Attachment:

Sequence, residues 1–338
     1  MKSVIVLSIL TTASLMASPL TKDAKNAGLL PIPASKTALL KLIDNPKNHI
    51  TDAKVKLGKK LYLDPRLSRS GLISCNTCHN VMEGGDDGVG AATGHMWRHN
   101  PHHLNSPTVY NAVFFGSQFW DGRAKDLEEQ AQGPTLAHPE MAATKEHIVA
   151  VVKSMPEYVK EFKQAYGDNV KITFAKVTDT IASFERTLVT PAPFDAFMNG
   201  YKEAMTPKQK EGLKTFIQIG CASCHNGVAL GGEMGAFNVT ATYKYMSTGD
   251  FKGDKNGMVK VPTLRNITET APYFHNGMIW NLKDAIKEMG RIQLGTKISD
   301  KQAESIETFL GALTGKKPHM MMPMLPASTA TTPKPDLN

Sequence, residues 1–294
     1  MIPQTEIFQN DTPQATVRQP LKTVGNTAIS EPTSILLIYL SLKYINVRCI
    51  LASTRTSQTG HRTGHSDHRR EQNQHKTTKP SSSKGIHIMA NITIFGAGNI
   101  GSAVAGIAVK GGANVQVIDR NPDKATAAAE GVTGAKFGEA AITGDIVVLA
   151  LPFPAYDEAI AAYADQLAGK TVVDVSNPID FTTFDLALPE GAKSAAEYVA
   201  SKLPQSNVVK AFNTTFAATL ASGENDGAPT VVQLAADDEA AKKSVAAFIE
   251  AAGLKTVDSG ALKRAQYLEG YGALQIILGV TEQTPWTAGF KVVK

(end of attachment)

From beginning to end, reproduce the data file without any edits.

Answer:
Sequence, residues 1–338
     1  MKSVIVLSIL TTASLMASPL TKDAKNAGLL PIPASKTALL KLIDNPKNHI
    51  TDAKVKLGKK LYLDPRLSRS GLISCNTCHN VMEGGDDGVG AATGHMWRHN
   101  PHHLNSPTVY NAVFFGSQFW DGRAKDLEEQ AQGPTLAHPE MAATKEHIVA
   151  VVKSMPEYVK EFKQAYGDNV KITFAKVTDT IASFERTLVT PAPFDAFMNG
   201  YKEAMTPKQK EGLKTFIQIG CASCHNGVAL GGEMGAFNVT ATYKYMSTGD
   251  FKGDKNGMVK VPTLRNITET APYFHNGMIW NLKDAIKEMG RIQLGTKISD
   301  KQAESIETFL GALTGKKPHM MMPMLPASTA TTPKPDLN

Sequence, residues 1–294
     1  MIPQTEIFQN DTPQATVRQP LKTVGNTAIS EPTSILLIYL SLKYINVRCI
    51  LASTRTSQTG HRTGHSDHRR EQNQHKTTKP SSSKGIHIMA NITIFGAGNI
   101  GSAVAGIAVK GGANVQVIDR NPDKATAAAE GVTGAKFGEA AITGDIVVLA
   151  LPFPAYDEAI AAYADQLAGK TVVDVSNPID FTTFDLALPE GAKSAAEYVA
   201  SKLPQSNVVK AFNTTFAATL ASGENDGAPT VVQLAADDEA AKKSVAAFIE
   251  AAGLKTVDSG ALKRAQYLEG YGALQIILGV TEQTPWTAGF KVVK